Also, the Bash rune that does two shockwaves is a better fury gen as each of the three hits is 8 fury and a chance at 15 more.

          • Sorry, my mistake.

            Thanks for the info about Bash, I didn’t know that. It just goes to show you how much I played the Barb. 🙂

      • And that is one big crying shame. Pile on, toad of hugeness etc are such cool looking skills with a lot of detail. What a waste of time creating all these wonderful animations but they just don’t work as well as the other skills in terms of efficiency.

        Sad looking at that image of early hydra runestones, wasted potential. Still have my fingers crossed the expansion brings a lot of that stuff back.

  2. Know why you see CoB a lot?

    Every build is a facetank build, so of course facetank skills get used. CoB has less range than some enemy melee attacks and is broken by knockback (which most areas have at least one enemy that can do). It doesn’t matter. Facetank AoE is all the game really supports so everyone is gonna do some variant of that. If there’s more than one dynamic, you can have more viable builds. If single targets/small groups were more relevant (by making boss runs relevant, for example) Rapid Fire would be a lot better.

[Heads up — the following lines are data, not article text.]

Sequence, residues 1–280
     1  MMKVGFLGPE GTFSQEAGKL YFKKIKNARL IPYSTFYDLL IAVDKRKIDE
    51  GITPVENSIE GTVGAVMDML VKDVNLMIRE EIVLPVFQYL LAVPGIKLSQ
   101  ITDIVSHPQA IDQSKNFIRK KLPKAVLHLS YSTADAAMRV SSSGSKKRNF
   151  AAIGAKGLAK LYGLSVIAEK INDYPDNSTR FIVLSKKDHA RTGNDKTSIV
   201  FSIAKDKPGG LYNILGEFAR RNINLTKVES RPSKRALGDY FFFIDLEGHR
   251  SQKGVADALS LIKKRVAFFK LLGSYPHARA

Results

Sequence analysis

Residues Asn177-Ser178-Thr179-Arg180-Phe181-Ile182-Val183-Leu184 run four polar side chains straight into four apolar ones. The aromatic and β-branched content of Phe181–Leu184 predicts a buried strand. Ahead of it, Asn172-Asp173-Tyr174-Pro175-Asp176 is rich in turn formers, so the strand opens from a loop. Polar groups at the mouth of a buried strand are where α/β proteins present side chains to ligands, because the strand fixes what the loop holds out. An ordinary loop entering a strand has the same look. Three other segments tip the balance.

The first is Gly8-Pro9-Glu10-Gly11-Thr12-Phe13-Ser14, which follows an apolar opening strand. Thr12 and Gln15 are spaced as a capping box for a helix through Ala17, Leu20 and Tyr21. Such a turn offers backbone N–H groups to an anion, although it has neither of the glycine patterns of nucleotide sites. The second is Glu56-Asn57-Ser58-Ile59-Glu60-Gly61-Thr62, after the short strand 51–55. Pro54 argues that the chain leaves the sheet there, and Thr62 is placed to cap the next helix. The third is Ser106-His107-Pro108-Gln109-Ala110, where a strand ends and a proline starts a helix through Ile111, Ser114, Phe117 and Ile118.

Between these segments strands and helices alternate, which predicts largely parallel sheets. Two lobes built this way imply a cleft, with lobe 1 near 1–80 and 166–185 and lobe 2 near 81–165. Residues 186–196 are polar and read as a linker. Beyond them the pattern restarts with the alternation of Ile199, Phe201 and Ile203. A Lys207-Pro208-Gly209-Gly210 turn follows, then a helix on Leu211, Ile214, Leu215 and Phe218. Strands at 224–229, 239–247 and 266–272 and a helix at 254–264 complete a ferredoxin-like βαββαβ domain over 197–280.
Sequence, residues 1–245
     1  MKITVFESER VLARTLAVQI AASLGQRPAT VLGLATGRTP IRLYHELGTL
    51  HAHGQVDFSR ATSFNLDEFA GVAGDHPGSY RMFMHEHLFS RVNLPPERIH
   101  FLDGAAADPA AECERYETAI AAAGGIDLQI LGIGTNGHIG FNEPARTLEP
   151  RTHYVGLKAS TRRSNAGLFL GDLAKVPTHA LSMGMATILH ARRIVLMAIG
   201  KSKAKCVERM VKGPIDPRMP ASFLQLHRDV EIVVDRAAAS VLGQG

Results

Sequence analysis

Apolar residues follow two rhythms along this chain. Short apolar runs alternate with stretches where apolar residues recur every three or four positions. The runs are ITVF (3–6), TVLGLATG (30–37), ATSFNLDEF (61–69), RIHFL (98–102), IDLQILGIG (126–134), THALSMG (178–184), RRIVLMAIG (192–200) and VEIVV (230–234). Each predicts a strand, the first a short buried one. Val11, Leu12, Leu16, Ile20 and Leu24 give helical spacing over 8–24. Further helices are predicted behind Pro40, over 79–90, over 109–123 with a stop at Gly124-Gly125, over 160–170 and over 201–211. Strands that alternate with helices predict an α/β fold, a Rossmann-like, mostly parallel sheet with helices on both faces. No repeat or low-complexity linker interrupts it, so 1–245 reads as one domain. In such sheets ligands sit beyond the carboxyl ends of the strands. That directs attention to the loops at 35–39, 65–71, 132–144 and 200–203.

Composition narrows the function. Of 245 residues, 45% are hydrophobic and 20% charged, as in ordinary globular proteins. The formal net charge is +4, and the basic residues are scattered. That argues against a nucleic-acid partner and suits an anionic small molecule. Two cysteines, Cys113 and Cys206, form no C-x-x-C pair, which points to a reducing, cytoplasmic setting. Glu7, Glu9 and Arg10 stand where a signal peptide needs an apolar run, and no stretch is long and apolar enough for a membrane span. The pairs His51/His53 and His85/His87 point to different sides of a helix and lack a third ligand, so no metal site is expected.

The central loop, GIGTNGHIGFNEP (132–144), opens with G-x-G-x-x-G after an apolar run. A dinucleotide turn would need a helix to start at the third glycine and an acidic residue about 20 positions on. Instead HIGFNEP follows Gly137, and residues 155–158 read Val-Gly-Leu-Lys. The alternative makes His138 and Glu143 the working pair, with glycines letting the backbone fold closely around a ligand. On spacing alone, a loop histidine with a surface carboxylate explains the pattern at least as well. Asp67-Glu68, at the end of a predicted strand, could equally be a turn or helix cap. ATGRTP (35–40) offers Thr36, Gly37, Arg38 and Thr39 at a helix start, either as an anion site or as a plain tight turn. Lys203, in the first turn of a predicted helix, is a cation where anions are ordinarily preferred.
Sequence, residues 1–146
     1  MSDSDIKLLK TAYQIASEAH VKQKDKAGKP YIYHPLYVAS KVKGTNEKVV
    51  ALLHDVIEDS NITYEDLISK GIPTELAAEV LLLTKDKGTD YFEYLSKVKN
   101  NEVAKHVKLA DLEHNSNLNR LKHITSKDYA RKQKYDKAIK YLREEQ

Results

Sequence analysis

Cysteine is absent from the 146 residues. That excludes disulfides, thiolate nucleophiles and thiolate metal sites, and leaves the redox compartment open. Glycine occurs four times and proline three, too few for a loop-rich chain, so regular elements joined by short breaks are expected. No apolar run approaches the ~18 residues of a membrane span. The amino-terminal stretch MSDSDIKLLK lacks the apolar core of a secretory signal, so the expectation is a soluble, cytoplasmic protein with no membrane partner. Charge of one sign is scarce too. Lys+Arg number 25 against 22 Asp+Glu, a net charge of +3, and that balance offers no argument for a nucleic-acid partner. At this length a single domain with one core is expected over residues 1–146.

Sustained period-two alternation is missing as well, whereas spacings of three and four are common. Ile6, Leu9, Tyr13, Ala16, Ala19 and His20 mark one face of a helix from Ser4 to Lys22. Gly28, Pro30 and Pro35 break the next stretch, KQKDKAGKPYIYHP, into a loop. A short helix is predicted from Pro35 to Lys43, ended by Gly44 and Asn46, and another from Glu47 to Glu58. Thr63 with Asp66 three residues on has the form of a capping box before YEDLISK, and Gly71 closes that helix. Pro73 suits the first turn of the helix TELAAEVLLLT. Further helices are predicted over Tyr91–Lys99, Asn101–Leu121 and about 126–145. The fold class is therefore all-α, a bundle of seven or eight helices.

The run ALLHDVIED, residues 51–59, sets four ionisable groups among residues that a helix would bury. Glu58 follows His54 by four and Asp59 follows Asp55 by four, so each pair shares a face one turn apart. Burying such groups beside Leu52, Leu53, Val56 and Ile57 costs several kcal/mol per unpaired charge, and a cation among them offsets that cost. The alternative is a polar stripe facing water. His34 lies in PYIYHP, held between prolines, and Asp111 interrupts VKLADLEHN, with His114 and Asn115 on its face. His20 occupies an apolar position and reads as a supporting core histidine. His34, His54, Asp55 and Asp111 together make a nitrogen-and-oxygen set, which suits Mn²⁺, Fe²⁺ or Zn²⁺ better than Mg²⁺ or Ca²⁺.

3. “such as a Wizard item that would enable double Hydra casting. That won’t cure everything of course, since that will either become THE best Wizard build, or else it will be 1% less efficient than another build”

    At that point, I won’t care too much if it’s a few percent less efficient. Hydras already do viable passive damage and an item like that could probably even make them a viable main damage skill. Even if that wouldn’t happen, it would still enable a more passive playstyle for the Wizard, where you could concentrate on movement and defense, while your Hydras would feast on your enemies. I would definitely have fun with that build, as I did back in D1, where the Guardian spell didn’t have a summon limit. It wasn’t ideal (not the least because of fire immune enemies), but it was fun.